Doctors from around the nation ascended on Washington on Tuesday to call attention to what they said is a growing problem: emergency room gridlock.
Health care officials said that each year more than 110 million Americans receive emergency care, yet hospital bed space is decreasing, creating longer wait times for some patients to get treatment.
More than 300 emergency room doctors attended the conference. They said the problem has plagued the medical industry for more than a decade but it is getting worse.
"Over the last year or so it's dramatically climbed. April was the busiest month in our history," said Dr. Bob Rothstein, director of emergency medicine at Suburban Hospital in Bethesda.
Health care workers said the emergency department gridlock gets so trying that at times, patients are kept in hospital hallways until rooms are available, creating an increased chance in some cases for death.
"There's no comfort in having patients die in my waiting room. We need to find a solution to this problem," said Dr. Jon Mark Hirshon of the University of Maryland.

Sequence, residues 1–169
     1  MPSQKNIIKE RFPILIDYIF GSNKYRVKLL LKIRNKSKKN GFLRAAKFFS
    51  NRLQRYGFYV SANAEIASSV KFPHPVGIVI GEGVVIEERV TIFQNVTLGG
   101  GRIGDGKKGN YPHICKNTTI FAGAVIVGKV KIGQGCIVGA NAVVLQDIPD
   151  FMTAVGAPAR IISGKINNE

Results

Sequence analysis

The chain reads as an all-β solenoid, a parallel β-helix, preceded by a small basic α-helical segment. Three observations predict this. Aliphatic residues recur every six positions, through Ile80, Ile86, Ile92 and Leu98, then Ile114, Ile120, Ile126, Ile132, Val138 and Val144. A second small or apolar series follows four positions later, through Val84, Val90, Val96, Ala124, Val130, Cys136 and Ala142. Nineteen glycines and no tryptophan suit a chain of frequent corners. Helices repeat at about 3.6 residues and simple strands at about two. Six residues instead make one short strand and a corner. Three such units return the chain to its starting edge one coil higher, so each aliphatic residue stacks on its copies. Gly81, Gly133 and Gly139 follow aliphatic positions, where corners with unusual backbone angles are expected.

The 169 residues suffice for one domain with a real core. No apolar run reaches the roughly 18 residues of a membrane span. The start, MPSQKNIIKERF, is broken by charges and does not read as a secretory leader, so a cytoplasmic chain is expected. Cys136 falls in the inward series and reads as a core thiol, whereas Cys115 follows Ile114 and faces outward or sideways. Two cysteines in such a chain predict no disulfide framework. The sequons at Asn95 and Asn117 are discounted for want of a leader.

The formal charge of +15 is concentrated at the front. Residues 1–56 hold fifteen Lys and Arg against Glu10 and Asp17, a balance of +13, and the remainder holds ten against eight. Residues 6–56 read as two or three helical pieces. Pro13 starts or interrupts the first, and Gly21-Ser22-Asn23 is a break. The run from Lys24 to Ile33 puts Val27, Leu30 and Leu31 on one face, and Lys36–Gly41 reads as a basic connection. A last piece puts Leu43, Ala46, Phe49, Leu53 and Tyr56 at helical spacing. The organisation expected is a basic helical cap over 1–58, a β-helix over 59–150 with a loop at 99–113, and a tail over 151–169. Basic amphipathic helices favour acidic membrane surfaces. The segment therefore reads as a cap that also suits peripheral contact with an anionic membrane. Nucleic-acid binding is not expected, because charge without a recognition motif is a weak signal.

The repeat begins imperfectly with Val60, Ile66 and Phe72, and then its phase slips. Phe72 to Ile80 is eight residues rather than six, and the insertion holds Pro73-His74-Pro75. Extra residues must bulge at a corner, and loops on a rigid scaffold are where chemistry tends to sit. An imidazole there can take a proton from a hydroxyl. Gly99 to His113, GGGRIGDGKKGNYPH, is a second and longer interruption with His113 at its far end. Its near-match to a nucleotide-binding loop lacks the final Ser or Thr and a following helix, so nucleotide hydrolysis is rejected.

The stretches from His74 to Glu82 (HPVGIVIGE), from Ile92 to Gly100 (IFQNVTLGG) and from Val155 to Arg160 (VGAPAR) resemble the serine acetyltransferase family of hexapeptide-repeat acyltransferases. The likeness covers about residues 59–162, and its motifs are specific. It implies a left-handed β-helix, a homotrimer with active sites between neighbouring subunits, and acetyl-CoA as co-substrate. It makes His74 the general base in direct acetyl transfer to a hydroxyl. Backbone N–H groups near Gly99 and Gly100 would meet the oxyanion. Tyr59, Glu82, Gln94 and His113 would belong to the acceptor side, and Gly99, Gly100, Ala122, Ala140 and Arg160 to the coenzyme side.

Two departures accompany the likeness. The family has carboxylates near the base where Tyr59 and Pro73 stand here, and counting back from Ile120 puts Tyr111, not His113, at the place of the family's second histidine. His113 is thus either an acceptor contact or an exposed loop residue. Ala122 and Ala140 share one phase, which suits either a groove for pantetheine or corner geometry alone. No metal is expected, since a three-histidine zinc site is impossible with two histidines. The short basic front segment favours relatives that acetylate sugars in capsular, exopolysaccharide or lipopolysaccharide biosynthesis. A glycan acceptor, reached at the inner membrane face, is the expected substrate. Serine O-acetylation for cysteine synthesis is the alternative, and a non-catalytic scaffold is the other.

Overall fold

Emergency room physicians converged on the Capitol Tuesday to push for a federal law to strengthen availability and access to emergency care for patients and to make more medical specialists available around the clock.
"Our biggest staffing is structured around a 9-to-5, Monday-through-Friday institution. Should we shift and distribute some of those resources to weekends? I doubt that we would have a capacity problem, because we are trying to fit a seven-day-a-week problem into a five-day-a-week industry," said Dr. Peter Viccellio.
Medical workers said most people seen in emergency rooms have no insurance, and no place to go. They also said that something most people may not know is that when emergency rooms fill up, oftentimes ambulances must be turned away.
"If the legislators were sitting in my waiting room or if one of their loved ones was taken to another hospital because their local hospital was closed, I think we'd have more done," said Rothstein.
Officials said the Access to Emergency Medical Service Act of 2007, which was introduced in Congress earlier this year, would increase funding for emergency care.